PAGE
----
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  12. Beautiful cane crib that's stood the test of time. We (my family) have my grandmother's old upright piano which she bought from the Yandina School of Arts many years ago, that she paid off at a shilling a week. It is still in perfect condition & currently resides in my niece's home in Ayr. We also have my father-in-laws diving helmet he wore whilst salvaging downed planes during WW2. Our family treasure's these material mementos of our history but recently it has come to light through a family members research, that my husband's great grandmother was an aboriginal lady from Dunwich. Sadly, this information had been suppressed years ago as a shameful union between an aboriginal woman & a white man. On being told of her aboriginal heritage, my daughter said, "I'm proud to say that not only have I been born an Australian, I now have an added genetic link to this great country I live in....... & why would I want to continue to suppress that fact".

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  13. In our family, there is a little yellow dress that all of the girls have been photographed in. The precious keepsake now resides in my closet - it has been worn by my four daughters and is in safe keeping for further children and / or grandchildren.

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  14. Hi Rhonda, have you seen the documentary, Happy? It came out last year. I just saw it yesterday and it made me so emotional. This post reminded me of it again. I think you'd like it. Please see it if you can.

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  15. My father made a change table with ample cupboard storage underneath. That lasted for my siblings and I nearly 40 years ago and I used it for my son 4 years ago and am still going now with my daughter. Hoping I will soon be able to pass it on to my sister when she has children and then again pass down to our children. When my father remarried 5 years ago it wasn't a happy occasion for us as he essentially threw out everything associated with his "old" life. It was sad seeing him throw out our handmade Christmas decorations from our childhoods and I was genuinely surprised the change table was kept but very grateful. You are right that these family keepsakes are so much more precious and worth more than all the money in the world!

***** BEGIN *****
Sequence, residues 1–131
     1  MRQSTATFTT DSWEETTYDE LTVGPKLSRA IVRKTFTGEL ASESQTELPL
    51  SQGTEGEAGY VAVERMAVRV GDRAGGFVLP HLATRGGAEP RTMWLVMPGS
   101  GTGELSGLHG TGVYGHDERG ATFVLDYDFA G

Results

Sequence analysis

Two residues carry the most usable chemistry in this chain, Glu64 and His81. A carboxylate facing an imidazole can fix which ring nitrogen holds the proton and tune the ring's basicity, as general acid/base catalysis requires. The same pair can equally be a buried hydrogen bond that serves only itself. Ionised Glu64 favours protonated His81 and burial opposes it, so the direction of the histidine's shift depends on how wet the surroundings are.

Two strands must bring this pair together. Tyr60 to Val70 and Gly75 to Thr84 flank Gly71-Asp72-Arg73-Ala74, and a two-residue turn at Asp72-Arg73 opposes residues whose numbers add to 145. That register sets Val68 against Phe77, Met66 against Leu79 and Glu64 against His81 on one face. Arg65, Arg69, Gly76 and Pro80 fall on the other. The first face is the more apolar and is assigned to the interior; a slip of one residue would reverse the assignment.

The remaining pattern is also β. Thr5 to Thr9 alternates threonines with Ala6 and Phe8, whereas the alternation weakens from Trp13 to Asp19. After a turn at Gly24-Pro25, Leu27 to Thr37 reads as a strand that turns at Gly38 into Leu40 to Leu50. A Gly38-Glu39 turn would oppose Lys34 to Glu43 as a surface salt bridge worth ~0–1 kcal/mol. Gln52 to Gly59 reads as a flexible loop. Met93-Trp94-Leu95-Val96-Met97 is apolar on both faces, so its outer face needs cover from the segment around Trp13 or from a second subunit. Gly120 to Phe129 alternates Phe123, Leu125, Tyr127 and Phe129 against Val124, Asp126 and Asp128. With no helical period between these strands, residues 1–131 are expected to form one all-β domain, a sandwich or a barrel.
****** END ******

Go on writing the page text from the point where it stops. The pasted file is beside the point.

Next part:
Sara

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  16. I love the tradition of handing down a practical and sentimental item through the generations of a family! My Dad made a cradle for us when I was pregnant with our first child and instead of washers he drilled holes in coins that were minted in the years my husband and I were born as well as the year our daughter was due. All 3 of of my kids have slept in the cradle and we intend to keep it for their children as well!
    When we head over to WA for a holiday I'm collecting the spinning wheel my Grandad made for my Mum (though it was my Dad who did all the spinning on it) which has the wheel from my Great Grandmother's treadle Singer sewing machine as part of it. I'm so excited to not only be recieving this beautifully crafted piece of family history, but also to be able to use it to spin yarn which I can then use to make something special for my kids!

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  17. Dear Rhonda
    We have a family wicker cot that my grandmother was in so was my Dad so was my son and daughter. Still going strong, ours would be 110 years old. I also have my grandmothers dresser and drawers and side table approx 60 years old, and a small ottoman that my kids sit on and I remember sitting on it as a small child and I am 44 years old. Thanks for reminding me, how important these peices are. Di

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  18. another moving post, brought tears to my eyes, you have a wonderful bonded family there rhonda, a real treasure to have, i thank you for sharing & please pass on my congrats to tricia.
    i only have a few things that were made for my children to pass onto them; there might've been more had my family not gone to pieces after my grandparents died, all their belongings & furniture was all auctioned off a long time ago.
    one thing we do have here is a sense of family that's growing as we all grow together.

    beautiful thanx

    selina from kilkivan qld